Mar 31, 2012

The Opening Monologue to 'Manhattan' (1979)

I am late for many things. For this I am well known for. Many things include great classics, like Woody Allen's Manhattan which I have finally (emphasise - finally) seen tonight.

There is nothing dishonest about Allen's films from what I have known - I have only seen this, with his newer films Match Point, Vicky Cristina Barcelona and possibly something else I fail to remember at this stage. He is so honest and self-deprecating that he is so enjoyable to watch, especially in a film like Manhattan. I have always seen him as the kind of director and writer who will make anything he chooses, and will not care to hear about what you think of it because in fact he already knows. For this, I really admire him for that.

So, next on my to-do list, or 'homework' - forget about the cultural industries and practices readings, see Annie Hall (1977).

By writing so here, I will feel much more obliged and willing to do it. I should try it out some time on readings - it might work.

Christian Marclay's 'Telephones', 1995

A multitude of characters, one single phone call, many different emotions. This great little clip is a 7-minute long 'compilation' of snippets from scenes that involve a phone call - from dialing a number to hanging up - from films that span the history of Hollywood as far as interests go.

I love the moment when every conversation becomes silent, as each character listens back into the earpiece and react in their own way. We might not necessarily know the contexts of these films to completely understand what is being said and felt, but I feel therein lies the magic of this piece.

Mar 30, 2012

Adolescence in 'Beginners'

I recently revisited Mike Mills' second feature film Beginners (2010) after giving in to my quite embarrassing reignited love of Ewan McGregor (I saw Perfect Sense (2011) over the weekend, more on that next time) and thinking about Mike Mills' interesting graphic design and slightly quirky, dislocated style. (That is not to say his films are not cohesive in any way!)

A film seen twice is an entirely different film all together. I love Mike's playful and awkward take on the innocence within every one of us, older, old or young. We lose and we have lost - still it makes us no less of the adolescent we were in our past, and we are still beginners this way. We love and find happiness, yet it makes us fearful. We fear our future, yet it makes us more of who we are.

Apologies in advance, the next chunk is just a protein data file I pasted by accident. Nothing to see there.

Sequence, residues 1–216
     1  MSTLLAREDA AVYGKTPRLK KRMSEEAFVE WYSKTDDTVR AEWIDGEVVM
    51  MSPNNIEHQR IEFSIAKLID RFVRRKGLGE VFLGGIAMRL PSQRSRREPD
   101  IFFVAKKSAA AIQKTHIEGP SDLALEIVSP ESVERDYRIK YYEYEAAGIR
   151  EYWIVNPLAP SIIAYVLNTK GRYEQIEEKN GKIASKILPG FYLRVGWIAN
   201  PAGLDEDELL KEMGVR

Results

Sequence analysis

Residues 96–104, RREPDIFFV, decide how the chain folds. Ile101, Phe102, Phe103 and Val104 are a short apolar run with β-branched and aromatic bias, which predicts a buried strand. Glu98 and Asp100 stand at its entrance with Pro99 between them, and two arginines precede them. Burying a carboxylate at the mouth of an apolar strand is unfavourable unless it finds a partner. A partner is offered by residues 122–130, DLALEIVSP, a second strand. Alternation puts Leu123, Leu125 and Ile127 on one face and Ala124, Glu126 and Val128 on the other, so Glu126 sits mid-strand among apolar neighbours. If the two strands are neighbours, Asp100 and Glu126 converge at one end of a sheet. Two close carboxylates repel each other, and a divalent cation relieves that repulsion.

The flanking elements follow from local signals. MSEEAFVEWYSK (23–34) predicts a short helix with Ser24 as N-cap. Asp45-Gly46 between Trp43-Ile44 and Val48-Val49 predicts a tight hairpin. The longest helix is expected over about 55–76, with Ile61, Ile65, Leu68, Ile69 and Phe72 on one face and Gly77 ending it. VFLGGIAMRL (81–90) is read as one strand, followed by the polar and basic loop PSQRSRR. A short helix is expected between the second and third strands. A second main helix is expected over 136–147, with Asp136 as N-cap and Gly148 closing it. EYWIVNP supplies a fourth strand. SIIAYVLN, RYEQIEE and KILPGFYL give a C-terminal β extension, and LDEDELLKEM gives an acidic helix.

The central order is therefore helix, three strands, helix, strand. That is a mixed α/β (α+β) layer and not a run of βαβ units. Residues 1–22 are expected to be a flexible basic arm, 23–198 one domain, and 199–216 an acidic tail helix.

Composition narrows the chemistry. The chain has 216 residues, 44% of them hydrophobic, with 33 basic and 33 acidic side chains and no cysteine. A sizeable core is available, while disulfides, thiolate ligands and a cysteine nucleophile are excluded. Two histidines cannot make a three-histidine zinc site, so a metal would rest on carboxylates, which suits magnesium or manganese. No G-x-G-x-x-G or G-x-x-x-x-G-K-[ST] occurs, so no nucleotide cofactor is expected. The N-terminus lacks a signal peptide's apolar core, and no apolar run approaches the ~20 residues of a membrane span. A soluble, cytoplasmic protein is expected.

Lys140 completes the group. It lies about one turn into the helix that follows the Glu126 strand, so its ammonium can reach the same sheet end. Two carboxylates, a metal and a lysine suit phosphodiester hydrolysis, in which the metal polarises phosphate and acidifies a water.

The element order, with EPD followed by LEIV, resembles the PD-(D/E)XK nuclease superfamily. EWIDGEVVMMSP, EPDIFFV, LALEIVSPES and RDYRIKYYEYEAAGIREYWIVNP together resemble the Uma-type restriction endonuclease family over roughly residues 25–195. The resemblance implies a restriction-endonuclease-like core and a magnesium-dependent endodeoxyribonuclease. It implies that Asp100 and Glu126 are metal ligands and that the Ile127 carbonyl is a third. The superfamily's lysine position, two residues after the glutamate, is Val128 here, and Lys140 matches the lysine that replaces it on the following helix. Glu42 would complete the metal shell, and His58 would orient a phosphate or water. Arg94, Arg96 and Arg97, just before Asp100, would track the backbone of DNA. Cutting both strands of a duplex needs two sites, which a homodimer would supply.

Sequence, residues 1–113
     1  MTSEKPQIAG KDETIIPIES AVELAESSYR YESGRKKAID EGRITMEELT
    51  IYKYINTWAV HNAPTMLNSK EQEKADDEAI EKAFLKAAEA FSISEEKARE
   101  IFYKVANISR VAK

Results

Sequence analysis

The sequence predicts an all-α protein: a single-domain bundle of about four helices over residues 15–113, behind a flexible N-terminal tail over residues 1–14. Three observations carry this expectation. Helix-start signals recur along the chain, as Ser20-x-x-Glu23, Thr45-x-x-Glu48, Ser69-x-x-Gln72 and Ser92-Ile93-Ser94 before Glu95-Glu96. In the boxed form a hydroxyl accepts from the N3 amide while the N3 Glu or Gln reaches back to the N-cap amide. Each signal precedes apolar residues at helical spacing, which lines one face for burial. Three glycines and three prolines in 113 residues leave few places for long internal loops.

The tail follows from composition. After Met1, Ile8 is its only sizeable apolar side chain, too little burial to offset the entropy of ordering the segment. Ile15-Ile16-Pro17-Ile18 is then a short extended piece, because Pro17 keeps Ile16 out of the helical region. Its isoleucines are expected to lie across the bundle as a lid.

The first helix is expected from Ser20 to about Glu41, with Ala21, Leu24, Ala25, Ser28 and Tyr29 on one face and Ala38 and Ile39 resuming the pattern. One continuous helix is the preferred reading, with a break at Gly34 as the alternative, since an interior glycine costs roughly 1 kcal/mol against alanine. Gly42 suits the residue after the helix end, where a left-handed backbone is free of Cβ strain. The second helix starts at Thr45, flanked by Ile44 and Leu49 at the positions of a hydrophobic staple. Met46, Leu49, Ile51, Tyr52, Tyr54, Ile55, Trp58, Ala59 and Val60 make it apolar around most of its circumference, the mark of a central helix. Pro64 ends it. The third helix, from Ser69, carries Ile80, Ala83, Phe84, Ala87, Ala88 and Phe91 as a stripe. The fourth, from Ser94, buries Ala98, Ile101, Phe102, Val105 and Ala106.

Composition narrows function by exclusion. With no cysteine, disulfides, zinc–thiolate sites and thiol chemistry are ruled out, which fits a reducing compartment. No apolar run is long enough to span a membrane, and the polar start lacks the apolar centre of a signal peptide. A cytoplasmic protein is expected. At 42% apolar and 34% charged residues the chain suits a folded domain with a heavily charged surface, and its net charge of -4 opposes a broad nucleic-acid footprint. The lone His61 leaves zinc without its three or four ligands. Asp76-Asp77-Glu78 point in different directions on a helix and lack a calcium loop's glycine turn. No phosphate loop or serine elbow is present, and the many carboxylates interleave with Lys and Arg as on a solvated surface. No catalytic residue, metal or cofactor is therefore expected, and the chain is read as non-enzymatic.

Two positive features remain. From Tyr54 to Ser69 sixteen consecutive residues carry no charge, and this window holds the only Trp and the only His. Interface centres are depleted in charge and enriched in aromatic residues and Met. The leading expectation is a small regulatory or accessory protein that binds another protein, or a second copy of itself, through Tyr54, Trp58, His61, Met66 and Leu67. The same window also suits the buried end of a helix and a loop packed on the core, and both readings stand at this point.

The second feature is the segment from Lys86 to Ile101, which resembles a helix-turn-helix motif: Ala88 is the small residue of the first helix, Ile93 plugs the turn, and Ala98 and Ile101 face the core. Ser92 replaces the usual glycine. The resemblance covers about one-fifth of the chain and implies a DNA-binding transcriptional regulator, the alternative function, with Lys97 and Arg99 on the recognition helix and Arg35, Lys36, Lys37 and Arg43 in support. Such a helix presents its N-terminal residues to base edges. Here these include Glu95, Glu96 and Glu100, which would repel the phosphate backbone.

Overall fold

It's interesting to see that even in Mike's first feature film Thumbsucker (2007) he explores this idea of adolescence and a sense of 'coming of age'. I love this idea of everyone no matter how old is still 'coming of age' - whether they are falling in love again at 38, or dying of cancer. Beginners has a sort of honesty that says 'Y'know what? It's okay to grow up and still be scared'. These ideas are something I'd really like to explore somewhere. I'm always reminded to look back on my childhood for inspiration, and seeing this again has brought me back to this idea.

Mar 11, 2012

'What is the film that made you want to continue exploring Korean cinema?' (Part 2)

To continue on from my entry on how I discovered Korean cinema, I've decided to talk about another film that really changed the way I looked at Korean film and the different ideas in cinema. My previous entry highlighted my first Kim Ki-duk experience, and it was the beginning of what I am today.

I raved about 3-Iron (2004) and how much I loved it to Kieran not long after that. I had already, by then, heard about a few big names in the Korean film world. Bong Joon-ho, Kim something or rather, another Kim this and that, and then - Park Chan-wook. I heard much about Old Boy (2003) throughout film school, here and there in pockets throughout the interwebs and still did not rush to see it. It was kind of like the hype around Kill Bill (2003). It's awesome, It's epic, It's amazing. Or so I had heard. Kieran had a couple of Park's films in his gargantuam of a DVD collection, one of which was J.S.A.: Joing Security Area (2000), a film I had not heard about and had little interest to see at the time. The title alone was uninteresting - that and I had little concrete knowledge of the DMZ and the current situation between the North and South. I looked past all of this and decided to give it a go.

I'll be absolutely honest with you: I could not and did not get through the first 20 minutes of the film in my first viewing. It was all talk, no substance to me. I wasn't paying attention to the lengthy discussions between Lee Young-ae's character and Mr Tall Swiss man, who to me seemed like an excuse of a 'white' man in an Asian film. I fell asleep, and looked no further past the beginning. Kieran had told me what a great film it was, and I simply could not see it. And that was that.

Mar 7, 2012

'What is the film that made you want to continue exploring Korean cinema?' (Part 1)

After writing a piece on genres in Korean Cinema for last year's Korean Film Blogathon, I decided to take part in the challenge again. This year I am writing a short series based around the question 'What is the film that made you want to continue exploring Korean cinema?' I felt it would be a good way to reflect on the last few years and where I am today, an assistant film programmer at Cinema On The Park and being heavily involved in the coordination of the first Korean Film Festival in Australia over the past 2 years.

This entry is also available on the KOFFIA Blog. I highly recommend that you have a read of some of the other great entries taking part in this year's blogathon.

Hope you enjoy the next few entries. Do come back in the next few days for my next entry.